A few weeks ago we held our first ever "Drupal Camp" in San Francisco at Compumentor's office. I blogged about this previously when we were hashing out the idea. Today I posted a pretty lengthy report back about it on Drupal.org:
Yes, conceivably within a few years Ruby on Rails could emerge as a dominant web application development environment. But I am betting strongly against it. Why all the hype then? True innovation, great presentation, lots of screencasts & brilliant marketing. But in the end, RoR is fighting an uphill battle. E.G. LISP has a much greater market share than Ruby (.721% vs .2%).
Programming language market share numbers are taken from this study. It covers the languages in general and is not specific to web application development. If anyone has any better analysis please let me know.
*Update*: There is a great blogpost from a Ruby on Rails devotee here that comes away with much the same conclusion but instead of just numbers he provides a well reasoned argument.
So given all this, why does CivicSpace still not ship with working YahooGroups-like mailinglists and wiki support? Good freaking questions. Thankfully, I believe we are finally getting close to an adequate answer....
My first screecast (37 megs 10 min):
This sandbox runs on Drupal 4.7 beta 5. Modules I am using on this site:
I would highly recommend waiting until og2list is fully baked and until I have a chance to clean up my code before you use this. But if you must I have included all my new modules, slightly hacked modules (ported og2list to 4.7 and added tags support to mailhandler) and my theme .tpl files. This stuff will all make it into cvs some time next week if all goes well.
We need microformats and to get people to agree on them. It is going to bootstrap exchanging data on the Webâ€¦â€¦we need them for things like contact cards, events, directionsâ€¦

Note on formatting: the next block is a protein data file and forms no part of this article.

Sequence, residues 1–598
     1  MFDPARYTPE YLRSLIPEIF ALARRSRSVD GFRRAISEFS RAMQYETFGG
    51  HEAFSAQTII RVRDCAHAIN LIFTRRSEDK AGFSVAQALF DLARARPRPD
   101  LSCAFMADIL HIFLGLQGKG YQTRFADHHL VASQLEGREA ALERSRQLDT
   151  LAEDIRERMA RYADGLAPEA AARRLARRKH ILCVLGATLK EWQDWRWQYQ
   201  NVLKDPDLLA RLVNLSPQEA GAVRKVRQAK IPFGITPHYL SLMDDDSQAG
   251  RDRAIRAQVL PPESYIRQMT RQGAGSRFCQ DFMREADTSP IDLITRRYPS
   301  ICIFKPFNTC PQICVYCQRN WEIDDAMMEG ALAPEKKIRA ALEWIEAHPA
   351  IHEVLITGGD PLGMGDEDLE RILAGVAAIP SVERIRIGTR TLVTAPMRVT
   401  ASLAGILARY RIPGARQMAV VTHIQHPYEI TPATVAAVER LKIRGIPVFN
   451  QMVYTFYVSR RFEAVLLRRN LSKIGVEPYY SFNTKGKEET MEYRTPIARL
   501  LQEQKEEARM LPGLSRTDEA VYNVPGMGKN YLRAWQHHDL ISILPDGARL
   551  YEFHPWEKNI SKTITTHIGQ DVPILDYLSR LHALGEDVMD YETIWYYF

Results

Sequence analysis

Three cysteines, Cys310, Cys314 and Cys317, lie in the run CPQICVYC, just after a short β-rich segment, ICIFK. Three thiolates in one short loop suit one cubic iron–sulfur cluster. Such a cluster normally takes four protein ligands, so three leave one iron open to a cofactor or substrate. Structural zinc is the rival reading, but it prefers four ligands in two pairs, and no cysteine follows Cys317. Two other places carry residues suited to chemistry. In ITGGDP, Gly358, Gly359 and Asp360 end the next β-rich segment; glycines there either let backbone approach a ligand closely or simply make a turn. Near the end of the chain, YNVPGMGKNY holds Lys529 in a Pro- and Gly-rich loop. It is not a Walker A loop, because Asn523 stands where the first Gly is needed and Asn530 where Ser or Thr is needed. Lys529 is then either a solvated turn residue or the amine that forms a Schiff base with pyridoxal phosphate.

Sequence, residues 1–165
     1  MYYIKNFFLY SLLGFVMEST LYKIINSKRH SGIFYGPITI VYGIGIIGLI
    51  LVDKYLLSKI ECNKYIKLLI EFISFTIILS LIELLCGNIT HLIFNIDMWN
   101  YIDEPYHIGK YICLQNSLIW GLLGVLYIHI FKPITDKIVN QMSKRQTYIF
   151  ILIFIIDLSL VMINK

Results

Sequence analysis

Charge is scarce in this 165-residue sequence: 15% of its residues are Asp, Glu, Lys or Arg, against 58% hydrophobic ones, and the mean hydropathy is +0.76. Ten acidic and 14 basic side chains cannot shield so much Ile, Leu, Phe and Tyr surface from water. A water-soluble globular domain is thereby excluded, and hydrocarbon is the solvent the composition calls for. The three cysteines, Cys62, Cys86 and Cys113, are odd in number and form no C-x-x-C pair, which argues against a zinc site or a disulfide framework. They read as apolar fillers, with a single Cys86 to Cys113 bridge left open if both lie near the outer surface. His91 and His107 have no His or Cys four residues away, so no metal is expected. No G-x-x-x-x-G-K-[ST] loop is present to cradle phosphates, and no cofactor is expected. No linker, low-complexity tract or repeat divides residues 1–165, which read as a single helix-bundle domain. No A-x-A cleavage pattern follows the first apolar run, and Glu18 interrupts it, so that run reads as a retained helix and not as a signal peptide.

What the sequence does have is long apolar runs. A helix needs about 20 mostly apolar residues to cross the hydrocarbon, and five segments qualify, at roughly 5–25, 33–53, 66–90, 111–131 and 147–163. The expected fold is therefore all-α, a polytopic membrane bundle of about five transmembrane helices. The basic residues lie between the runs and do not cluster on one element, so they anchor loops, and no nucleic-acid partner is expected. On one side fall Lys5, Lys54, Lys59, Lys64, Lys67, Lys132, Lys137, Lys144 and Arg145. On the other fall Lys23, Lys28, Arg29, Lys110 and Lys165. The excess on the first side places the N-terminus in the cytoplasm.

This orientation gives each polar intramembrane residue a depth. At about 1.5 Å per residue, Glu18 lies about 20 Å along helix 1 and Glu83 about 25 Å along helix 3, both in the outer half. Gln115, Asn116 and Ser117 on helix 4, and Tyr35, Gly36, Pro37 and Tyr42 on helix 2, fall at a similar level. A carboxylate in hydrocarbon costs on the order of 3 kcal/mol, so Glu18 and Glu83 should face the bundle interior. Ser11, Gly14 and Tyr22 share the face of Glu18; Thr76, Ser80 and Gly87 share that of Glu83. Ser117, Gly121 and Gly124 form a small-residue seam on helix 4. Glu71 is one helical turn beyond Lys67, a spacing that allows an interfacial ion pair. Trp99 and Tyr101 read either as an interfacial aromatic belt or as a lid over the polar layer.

Amen! More on the microformats blog
April 2008 in Bangalore India, amongst the sparkling new out-sourced call center office parks, a unassuming new company is formed; "Personal Business Services Group". Their business? outsourced personal assistant services for American / European Fortune 1000's. For a reasonable rate of $200 a month* per employee their highly fluent and capable staff will time-shift their internal clocks and diligintly perform the following duties:
* *Call screening*: simply route your SIP phone through their severs and they will pre-screen all of your calls.
* *Scheduling*: Simply cc them on all your scheduling email threads and they will massage meetings into your calendar without you having to even think.
* *Note taking*: Call them up over Skype during meetings and they will listen in and take notes that will later be posted on your companies wiki.
* *Proof reading*: Send over any documents and they will sanity check, proof fread, and even edit your writing.
Within a year they have forged an entire new industry. New hire C level managers now think of personal assitant services a standard job benifit. Competing firms sprout up and tackle entirely new verticals such as stressed out soccer moms and small business owners.
Entreprenurial employees in India now sit in on every business meeting, every decision, and every interaction in every company in America. As the routinely disruptive dynamics of the information economy meet the inevitable finality of true globalization, the gates to our corporate american kingdom are pried open from the inside. Our personal assitants become our equals and our penchant for out-sourcing work becomes the blue print for our replacement.
* $3 an hour X 3 hours a day per employee = $9 a day / $45 a week / $180 a month
*Note:* I wrote this post while burning an hour before the 11PM showing of V for Vendetta. Make of that what you will.
I've poured almost three of my life in to CivicSpace waving my hands and willing it into existance. We have a lot to show for it: 30 major software releases, two thousands CivicSpace powered websites, a vibrant and quickly growing user community, and a network of 25+ vendors occupying a solid slice of the marketplace of advocacy / non-profit web technology services. But what we haven't had so far is a solid user facing product - something I can show my mom...
Ten minutes ago I sent a note to our mailinglists announcing that we will shortly begin alpha testing a hosted CivicSpace service and are looking for testers. Three minutes later four people signed up.
The CivicSpace hosted service is almost here and I couldn't be more excited.